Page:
Whoever exalts himself will be humbled, and he who humbles himself will be exalted. – Matthew 23:12
In the kingdom of God, down is up, and up is down. It is quite opposite of this world, where those who seek success and exaltation often scratch their way to the top. They boast of themselves and their accomplishments, use others as stepping stones, and crush their enemies without mercy. But it is not so in the kingdom of God. Those who are least are regarded as the greatest, and those who serve are those who lead.
Jesus demonstrated this well when He stooped down to wash His disciples’ feet. The washing of feet was an undesirable job that was left to the lowest servants of the house. This is why Peter exclaimed, “Lord, you shall never wash my feet!” He recognized that Jesus was the Lord of heaven. How could the Master do the humble work of a servant? But the lesson that Jesus was teaching was of the utmost importance in scripture: He who desires to go up must first go down.
Going down is no one’s desire. As we grow older, we desire to be more respected, make more money, have a higher social status, a nicer house, a better car, and so on. We want better positions at work, more authority, and better conditions. And no matter what age we are, or where we are in our lives, going down is never the direction we desire to go.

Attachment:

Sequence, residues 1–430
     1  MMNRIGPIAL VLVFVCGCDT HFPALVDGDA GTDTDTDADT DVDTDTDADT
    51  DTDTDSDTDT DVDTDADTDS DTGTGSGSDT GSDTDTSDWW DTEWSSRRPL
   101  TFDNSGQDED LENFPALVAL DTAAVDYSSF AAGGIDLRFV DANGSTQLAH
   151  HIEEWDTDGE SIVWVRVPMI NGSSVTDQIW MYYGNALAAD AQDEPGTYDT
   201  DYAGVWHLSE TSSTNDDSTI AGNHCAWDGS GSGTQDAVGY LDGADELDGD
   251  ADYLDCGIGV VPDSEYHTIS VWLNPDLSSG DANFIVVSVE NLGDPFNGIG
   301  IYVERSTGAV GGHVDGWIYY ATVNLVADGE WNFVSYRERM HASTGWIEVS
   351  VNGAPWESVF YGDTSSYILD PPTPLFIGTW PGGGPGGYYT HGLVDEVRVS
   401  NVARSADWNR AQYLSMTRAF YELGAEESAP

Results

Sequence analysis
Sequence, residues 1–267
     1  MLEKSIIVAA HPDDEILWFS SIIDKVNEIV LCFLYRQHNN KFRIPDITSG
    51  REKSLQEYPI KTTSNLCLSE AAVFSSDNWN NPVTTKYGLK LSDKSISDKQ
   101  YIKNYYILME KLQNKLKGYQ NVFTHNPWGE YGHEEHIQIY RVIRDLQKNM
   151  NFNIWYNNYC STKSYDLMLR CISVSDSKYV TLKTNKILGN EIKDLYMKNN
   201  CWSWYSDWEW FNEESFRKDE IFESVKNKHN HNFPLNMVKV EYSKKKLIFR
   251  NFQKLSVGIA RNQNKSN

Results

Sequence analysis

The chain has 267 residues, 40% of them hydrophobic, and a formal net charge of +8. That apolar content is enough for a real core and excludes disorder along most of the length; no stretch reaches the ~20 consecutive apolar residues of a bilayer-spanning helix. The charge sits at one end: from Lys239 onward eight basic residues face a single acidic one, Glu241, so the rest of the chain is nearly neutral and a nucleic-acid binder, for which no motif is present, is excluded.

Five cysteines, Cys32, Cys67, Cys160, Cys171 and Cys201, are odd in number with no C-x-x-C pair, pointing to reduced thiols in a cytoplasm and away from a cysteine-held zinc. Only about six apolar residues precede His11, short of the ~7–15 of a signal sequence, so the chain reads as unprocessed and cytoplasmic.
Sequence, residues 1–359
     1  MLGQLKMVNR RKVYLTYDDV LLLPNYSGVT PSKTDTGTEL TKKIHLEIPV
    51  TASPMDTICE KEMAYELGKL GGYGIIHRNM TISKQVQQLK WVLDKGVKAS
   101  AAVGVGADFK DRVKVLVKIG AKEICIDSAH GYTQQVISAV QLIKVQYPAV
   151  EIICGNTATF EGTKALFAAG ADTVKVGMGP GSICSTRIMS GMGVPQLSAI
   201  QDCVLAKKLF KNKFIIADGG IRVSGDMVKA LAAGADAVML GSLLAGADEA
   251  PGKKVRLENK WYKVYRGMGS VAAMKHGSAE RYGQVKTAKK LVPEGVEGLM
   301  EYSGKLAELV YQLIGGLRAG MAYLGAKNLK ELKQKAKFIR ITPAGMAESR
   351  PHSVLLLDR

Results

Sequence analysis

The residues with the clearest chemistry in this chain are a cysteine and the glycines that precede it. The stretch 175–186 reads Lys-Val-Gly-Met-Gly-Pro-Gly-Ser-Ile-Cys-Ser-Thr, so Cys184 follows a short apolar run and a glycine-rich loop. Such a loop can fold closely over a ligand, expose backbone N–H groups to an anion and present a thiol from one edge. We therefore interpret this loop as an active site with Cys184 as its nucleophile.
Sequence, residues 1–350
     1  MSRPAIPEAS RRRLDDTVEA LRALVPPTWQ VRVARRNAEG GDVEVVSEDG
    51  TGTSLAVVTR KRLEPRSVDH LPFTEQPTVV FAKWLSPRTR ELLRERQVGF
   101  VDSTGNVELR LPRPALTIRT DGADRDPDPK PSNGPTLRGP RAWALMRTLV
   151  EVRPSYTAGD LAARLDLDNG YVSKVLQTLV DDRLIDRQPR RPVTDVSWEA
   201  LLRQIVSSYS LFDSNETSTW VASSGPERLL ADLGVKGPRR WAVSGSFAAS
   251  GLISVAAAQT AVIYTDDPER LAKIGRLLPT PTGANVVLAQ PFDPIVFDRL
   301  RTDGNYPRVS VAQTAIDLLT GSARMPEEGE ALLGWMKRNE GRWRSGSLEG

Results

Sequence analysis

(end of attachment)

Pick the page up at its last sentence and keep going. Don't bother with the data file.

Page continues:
I think of Moses. He was raised in Pharaoh’s house. The Bible says that he was trained in all the wisdom of Egypt, and was mighty in word and deed (Acts 7:22). He thought for sure that God had exalted him to be the deliverer of his people. And why shouldn’t he be? Certainly, he would have been the best qualified of his people. He had been trained in wisdom, in war, in speech. Who else among his people had such qualifications? Yet at age 40 he was not ready. He had to go ‘down’ for another 40 years, living as a lowly shepherd in the wilderness. It was only after those years of humiliation that he was ready to be exalted.
And think of Joseph, who had lofty dreams about being the leader of his family. It was only after being thrown in a pit, then sold to slavery, then assigned to prison, that he was ready to be exalted as savior of both Egypt and his people. He had to go down, way down before he went up.
And consider David, anointed as king as a teenager, but not seeing the full fruition of his calling until age 30. During those years he humbled himself as a servant to Saul, and as a fugitive on the run. And when he had the chance to kill Saul and take his revenge, he refused. All of history is full of examples of those who would readily kill to take their place as king, but David would not. God’s timing is perfect, and David humbled himself until God’s time of exaltation came.
I’d like to now consider two things in regard to our text:
- God humbles those that exalt themselves.
- God exalts those that humble themselves.
God humbles those that exalt themselves.